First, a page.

College Essay: Never Quit

Nyemade Fallah

I slouched in my brand new car seat. My 6-year-old bottom started to hurt from sitting too long, and my stomach started to make funny noises. “Are we there yet?” I whined to my dad, who was unusually quiet on that drive to Ohio. My 2-year-old brother slept silently next to me.  

Little did I know that was to be a journey into maturity and responsibility beyond my years – and my mother would be my guide on that journey.  

I had noticed my parents’ arguments were getting more intense, leaving my mom crying in her room and my dad barging out of the house. Some days those arguments were so bitter, I would hide under the dining room table with my legs pulled up to my chest and cry. Our once warm and welcoming home felt cold and foreign the day my brother and I left for Ohio. While we were there, my mom told me on the phone she was having another baby, and she found us a new home. 

Coming back from Ohio to home in Minnesota, there were a lot of changes: My mom was pregnant, my parents were separated, and we now lived in a small, two-bedroom townhome. It was completely different from the big white house we used to live in.  

My parents’ separation was the biggest change. My dad remarried into a new family, and my mom was left to raise us on her own. I could tell she was struggling, because after my sister was born, Mom had to take more shifts at both her jobs. When she got home from one job at 9:15 in the evening, I could see how her shoulders sagged and her face looked drained as she prepared to go to her next job.  

She had left her family behind in Liberia in 2000 and had no relatives here in Minnesota to help her with us kids, so she had to hire nannies. It felt like she was never home, and by age 8, I often had to accept the responsibility of caring for my siblings and myself.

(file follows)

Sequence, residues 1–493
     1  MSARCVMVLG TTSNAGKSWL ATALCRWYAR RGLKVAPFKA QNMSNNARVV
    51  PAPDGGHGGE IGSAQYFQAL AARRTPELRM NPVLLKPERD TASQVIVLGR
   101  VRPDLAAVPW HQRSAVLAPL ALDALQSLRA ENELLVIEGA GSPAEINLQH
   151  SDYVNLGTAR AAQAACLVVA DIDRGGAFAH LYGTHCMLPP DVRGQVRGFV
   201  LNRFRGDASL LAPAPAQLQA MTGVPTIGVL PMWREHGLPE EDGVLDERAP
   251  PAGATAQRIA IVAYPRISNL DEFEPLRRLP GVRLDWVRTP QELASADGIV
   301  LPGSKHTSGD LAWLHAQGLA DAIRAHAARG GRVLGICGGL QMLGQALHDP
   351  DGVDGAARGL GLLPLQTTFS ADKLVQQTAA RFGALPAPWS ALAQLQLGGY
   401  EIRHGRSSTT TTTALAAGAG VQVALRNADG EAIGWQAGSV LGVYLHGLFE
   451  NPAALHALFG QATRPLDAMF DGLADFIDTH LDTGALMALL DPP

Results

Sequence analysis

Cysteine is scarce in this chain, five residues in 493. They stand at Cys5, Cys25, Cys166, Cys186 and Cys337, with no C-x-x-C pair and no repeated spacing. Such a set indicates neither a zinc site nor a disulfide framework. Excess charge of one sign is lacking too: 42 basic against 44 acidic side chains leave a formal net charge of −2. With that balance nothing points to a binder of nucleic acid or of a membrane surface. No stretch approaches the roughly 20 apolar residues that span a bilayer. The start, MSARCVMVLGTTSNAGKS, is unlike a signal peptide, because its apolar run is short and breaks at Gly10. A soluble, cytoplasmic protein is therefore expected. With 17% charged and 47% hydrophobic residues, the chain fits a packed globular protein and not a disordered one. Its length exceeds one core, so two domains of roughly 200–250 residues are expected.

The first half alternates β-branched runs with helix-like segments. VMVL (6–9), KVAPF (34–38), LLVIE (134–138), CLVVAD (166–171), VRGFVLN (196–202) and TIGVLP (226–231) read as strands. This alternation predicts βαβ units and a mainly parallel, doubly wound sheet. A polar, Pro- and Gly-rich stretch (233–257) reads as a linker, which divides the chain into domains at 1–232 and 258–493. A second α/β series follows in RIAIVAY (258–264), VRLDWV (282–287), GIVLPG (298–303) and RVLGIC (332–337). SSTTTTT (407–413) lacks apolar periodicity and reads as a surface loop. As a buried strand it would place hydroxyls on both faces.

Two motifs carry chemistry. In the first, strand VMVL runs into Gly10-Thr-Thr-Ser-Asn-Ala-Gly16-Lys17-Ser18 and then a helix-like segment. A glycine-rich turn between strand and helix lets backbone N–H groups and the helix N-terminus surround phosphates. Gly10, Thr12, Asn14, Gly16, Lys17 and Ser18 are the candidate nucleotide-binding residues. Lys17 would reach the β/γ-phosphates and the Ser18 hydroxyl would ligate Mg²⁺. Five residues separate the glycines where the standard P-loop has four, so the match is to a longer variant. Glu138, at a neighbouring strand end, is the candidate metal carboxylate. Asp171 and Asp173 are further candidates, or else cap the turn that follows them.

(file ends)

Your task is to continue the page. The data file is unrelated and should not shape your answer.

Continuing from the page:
I had to prepare food, clean the house, potty train my brother and teach myself how to do the hard problems in my homework assignments. When my little brother was born my family would call me “Big Sista,” and I hated this because I was used to being the baby. I knew the title would bring changes, but seeing my mom dedicate her life to making sure all three of her babies were okay pushed me to grow up and embrace the title and the responsibility.  

Throughout all these struggles, my mom continued to push me and encourage me to aim higher in school. Her rooting me on made me feel like I was doing something right. Not only for myself but for her too. She remembered why she came to this country in the first place: to better her own life and the future lives of her kids. She learned to be independent, to manage two jobs and to raise her kids with little help.  

Changes in my family’s life have made me grow up, see the bigger picture, and assume new responsibilities. My mom taught me independence and how to be determined and to keep working for anything I want. When things get tough, I don’t quit. This will be true in college, and I will achieve everything I am working toward. My degree will be the result, but my biggest reward will be seeing my elated mom cheering me on from the crowd when I walk across my college graduation stage.